It was a dark and stormy night…oh, wait, no, it was a gray and foggy morning when I took this picture at Ottaquechee Farm in Vermont. Our youngest granddaughter was given the chore of ringing the dinner bell to let everyone know when we were ready to eat meals. And ring it she did! And yelled at the top of her little lungs: “It’s time to eat!” And if people didn’t show up fast enough, she’d ring it again and let go with another yell.
It reminded me of dinner time on the farm when I was a very young kid and my mom would come to the front steps of the farmhouse and yell, “Supper time!” (They call it “supper”, not “dinner” in Iowa.) Good memories…and I delighted in the joy my granddaughter took in doing her “chores”! She made her Pop-Pop smile!
ON THIS DAY IN HISTORY: in 1947, two rush-hour commuter trains collided in South Croydon, England, killing 32 people. Heavy fog and a mistake by a signalman caused the deadly crash.
The fog was even thicker than usual on the morning of October 24 outside London. The train from Tattenham Corner to London Bridge was full, carrying passengers taking their daily trip to work. The train from Haywards Heath into London was also full and the two trains were sharing the same track at certain points in the journey.
In 1947, keeping trains from colliding with each other was the job of signalmen using semaphone signals. A more effective colored-light system was not used in London until shortly after this incident. On this day, the Haywards Heath train stopped at the South Croydon station and was held up there for five minutes. Although the signal system indicated to the signalman on duty that the Tattenham Corner train should stop, the signalman forgot about the Haywards train and the heavy fog obscured his vision of the South Croydon station. Thinking it was safe to proceed, he overrode the system—contrary to procedure—and gave the Tattenham train the all-clear signal.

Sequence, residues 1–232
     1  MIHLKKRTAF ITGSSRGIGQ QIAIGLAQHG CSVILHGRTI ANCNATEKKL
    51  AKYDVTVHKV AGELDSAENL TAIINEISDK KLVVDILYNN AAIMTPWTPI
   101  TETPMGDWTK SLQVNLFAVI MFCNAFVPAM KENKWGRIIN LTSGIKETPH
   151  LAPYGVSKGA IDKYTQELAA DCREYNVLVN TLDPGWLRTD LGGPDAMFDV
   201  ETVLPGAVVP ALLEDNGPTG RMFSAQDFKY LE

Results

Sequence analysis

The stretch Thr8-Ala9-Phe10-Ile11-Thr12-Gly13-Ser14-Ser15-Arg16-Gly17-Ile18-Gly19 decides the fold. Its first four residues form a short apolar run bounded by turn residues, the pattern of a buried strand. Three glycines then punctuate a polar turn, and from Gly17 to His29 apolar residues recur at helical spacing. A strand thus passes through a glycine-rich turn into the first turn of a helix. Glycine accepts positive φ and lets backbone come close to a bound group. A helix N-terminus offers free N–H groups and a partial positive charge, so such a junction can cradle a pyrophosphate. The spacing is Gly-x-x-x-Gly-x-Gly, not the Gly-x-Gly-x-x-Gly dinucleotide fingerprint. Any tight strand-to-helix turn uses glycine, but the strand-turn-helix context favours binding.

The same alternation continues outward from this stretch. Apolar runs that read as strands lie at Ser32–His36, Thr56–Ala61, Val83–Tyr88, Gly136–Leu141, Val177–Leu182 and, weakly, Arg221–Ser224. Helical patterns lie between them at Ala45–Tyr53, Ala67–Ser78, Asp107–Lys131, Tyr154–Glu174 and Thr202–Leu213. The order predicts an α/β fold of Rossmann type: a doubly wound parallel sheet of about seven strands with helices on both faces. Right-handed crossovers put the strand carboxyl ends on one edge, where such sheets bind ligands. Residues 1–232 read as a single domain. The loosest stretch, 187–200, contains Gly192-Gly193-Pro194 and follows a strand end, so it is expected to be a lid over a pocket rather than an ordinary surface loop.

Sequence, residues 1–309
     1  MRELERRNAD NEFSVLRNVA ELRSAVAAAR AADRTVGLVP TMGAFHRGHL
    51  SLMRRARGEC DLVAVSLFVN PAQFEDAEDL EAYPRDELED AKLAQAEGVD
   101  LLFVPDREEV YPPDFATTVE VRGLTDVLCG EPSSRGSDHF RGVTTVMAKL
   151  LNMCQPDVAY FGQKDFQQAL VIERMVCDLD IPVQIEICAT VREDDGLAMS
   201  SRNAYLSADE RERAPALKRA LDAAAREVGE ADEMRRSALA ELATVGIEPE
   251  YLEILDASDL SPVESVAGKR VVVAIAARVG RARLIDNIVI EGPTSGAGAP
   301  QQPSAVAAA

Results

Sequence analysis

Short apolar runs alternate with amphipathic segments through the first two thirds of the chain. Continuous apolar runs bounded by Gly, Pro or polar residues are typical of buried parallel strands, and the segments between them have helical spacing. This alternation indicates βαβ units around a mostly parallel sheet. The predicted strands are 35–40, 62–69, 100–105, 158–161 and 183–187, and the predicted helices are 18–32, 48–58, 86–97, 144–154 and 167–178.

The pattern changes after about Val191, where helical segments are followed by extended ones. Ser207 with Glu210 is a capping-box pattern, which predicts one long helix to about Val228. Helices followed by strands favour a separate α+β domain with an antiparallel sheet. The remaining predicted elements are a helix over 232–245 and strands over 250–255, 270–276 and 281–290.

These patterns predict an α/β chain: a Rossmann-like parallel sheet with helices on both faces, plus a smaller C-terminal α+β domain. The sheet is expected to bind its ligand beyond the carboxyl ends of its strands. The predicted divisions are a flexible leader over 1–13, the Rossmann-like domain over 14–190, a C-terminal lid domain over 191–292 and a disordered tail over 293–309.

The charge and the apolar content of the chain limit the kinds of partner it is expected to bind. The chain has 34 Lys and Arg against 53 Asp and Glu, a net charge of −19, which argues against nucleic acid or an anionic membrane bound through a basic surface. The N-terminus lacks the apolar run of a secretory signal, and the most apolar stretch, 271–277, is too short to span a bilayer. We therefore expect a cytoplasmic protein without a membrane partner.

The Tattenham train came through the South Croydon station at 40 miles per hour, slamming right into the back of the Haywards Heath train. The powerful collision did serious damage to both trains, especially the Tattenham train, the first car of which was crushed. In addition to the 32 people who lost their lives, another 183 were seriously injured and required hospitalization.
TRIVIA FOR TODAY: at the end of the 17th century, Peter the Great instituted a tax on facial hair in an attempt to modernize Russian society. Anyone with facial hair was required to carry a copper or bronze token to prove that they had paid the tax.